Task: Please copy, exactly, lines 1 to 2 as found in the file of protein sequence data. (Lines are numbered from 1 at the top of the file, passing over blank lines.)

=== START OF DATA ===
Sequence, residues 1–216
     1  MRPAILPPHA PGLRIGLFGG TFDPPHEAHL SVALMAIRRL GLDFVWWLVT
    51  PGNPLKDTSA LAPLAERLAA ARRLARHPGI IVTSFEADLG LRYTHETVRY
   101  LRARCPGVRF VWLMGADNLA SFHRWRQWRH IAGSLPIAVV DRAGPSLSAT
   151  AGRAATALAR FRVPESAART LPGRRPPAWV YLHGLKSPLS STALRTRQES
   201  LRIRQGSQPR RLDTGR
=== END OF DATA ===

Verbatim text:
Sequence, residues 1–216
     1  MRPAILPPHA PGLRIGLFGG TFDPPHEAHL SVALMAIRRL GLDFVWWLVT